This means that poblano peppers have less variation in spiciness level, while Anaheim peppers have a wider variation. 

So while most Anaheim peppers will be extremely mild, you might get a rogue somewhat-spicy pepper in your batch. 

However, these small differences in heat level aren’t noticeable to most people.

Nutrition comparison

We couldn’t find enough information to fairly compare the nutrient content of Anaheim and poblano peppers.

In general though, peppers tend to have very similar nutrition because they all belong to the same species, Capsicum annuum (2).

Here’s an overview of the macronutrient content of a variety of green peppers, based on a 3.5-ounce (100-gram) serving (3, 4, 5):

NutrientAssorted green peppers (bell peppers, jalapenos, and serranos)
Protein1-2 grams
Fat<1 gram
Carbohydrates5-7 grams
Fiber2-4 grams
Sugars2-4 grams

As you can see, green peppers (whether sweet or spicy) are very low in calories, protein, and fat. They also provide a small amount of carbohydrates, most of which are fiber.

Green peppers, like Anaheim and poblano peppers, are suitable for most diets, although they may need to be limited on very low-carb (ketogenic) diets.

Vitamins and minerals

Here’s an overview of the vitamin and mineral content of a variety of green peppers, based on a 3.5-ounce (100-gram) serving (3, 4, 5):

NutrientAssorted green peppers (bell peppers, jalapenos, and serranos)
Vitamin A20-50 mcg RAE (2-6% DV)
Beta-carotene208-561 mcg
Alpha-carotene18-67 mcg
Lutein + zeaxanthin341-861 mcg
Vitamin B1 (Thiamin)0.04-0.05 mg (3-4% DV)
Vitamin B2 (Riboflavin)0.03-0.08 mg (2-6% DV)
Vitamin B3 (Niacin)0.5-1.5 mg (3-9% DV)
Vitamin B5 (Pantothenic acid)0.2-0.3 mg (4-6% DV)
Vitamin B6 (Pyridoxine)0.2-0.5 mg (12-29% DV)
Vitamin B9 (Folate)10-30 mcg (3-8% DV)
Vitamin B12 (Cobalamin)0 mcg (0% DV)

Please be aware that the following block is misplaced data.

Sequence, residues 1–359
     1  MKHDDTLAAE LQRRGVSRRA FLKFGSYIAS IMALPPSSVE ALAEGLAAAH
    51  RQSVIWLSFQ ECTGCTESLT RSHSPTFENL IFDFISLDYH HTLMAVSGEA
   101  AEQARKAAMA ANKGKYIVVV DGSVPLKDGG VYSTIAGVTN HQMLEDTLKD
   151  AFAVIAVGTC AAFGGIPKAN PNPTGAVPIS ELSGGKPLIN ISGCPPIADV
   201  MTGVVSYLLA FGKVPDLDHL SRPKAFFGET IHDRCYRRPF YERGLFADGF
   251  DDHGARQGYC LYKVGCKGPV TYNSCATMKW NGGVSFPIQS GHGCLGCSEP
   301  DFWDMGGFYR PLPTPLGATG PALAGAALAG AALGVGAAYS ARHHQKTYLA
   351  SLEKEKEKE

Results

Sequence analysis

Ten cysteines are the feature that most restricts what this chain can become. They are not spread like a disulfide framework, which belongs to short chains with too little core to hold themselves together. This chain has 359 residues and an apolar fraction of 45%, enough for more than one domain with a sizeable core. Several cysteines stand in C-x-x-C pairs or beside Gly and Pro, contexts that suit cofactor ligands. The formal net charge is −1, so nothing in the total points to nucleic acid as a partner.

Vitamin C45-120 mg (50-133% DV)
Vitamin D0 mcg (0% DV)
Vitamin E0.4-3.6 mg (3-24% DV)
Vitamin K7-19 mcg (6-16% DV)
Sodium3-10 mg (<1% DV)
Potassium175-305 mg (4-6% DV)
Calcium10-12 mg (1% DV)
Phosphorus20-40 mg (2-3% DV)
Magnesium10-22 mg (2-5% DV)
Iron0.3-0.9 mg (2-5% DV)
Zinc0.1-0.3 mg (1-3% DV)
Copper0.05-0.13 mg (6-14% DV)
Manganese0.1-0.2 mg (4-9% DV)
Selenium0-0.4 mcg (0-1% DV)
Choline6-9 mg (1-2% DV)

Green peppers are excellent sources of vitamin C, providing up to 120 mg (133% DV) in a 3.5-ounce (100-gram) serving. They’re also good sources of copper and vitamins B6, E, and K.

Keep in mind that dried peppers may have slightly lower levels of vitamin C and beta-carotene, which acts as an antioxidant and is used by the body to produce vitamin A (6, 7).

Likewise, cooking (especially boiling) can decrease the amounts of water-soluble vitamins, such as B vitamins and vitamin C (8).

Although beta-carotene often increases in vegetables like carrots when they are cooked, the same does not appear to be true for peppers (9, 10, 11).

Available forms

1. Fresh

Fresh poblano peppers are widely available. You can find them in the produce section at supermarkets, Latin grocery stores, and many farmers’ markets.

Anaheim peppers are also available in the produce section of many supermarkets, but they might be more challenging to find depending on your location. 

Another option is to grow your own peppers. Both Anaheim and poblano peppers are fairly easy to grow indoors or outdoors in milder climates.

Can’t find fresh Anaheim peppers? Try one of these eight excellent Anaheim pepper substitutes.

2. Canned

Canned versions of Anaheim and poblano peppers are convenient for adding to sauces, dips, soups, and egg dishes.

These peppers are pre-roasted, peeled, and sometimes diced before being canned. They typically include salt and preservatives, such as calcium chloride and citric acid.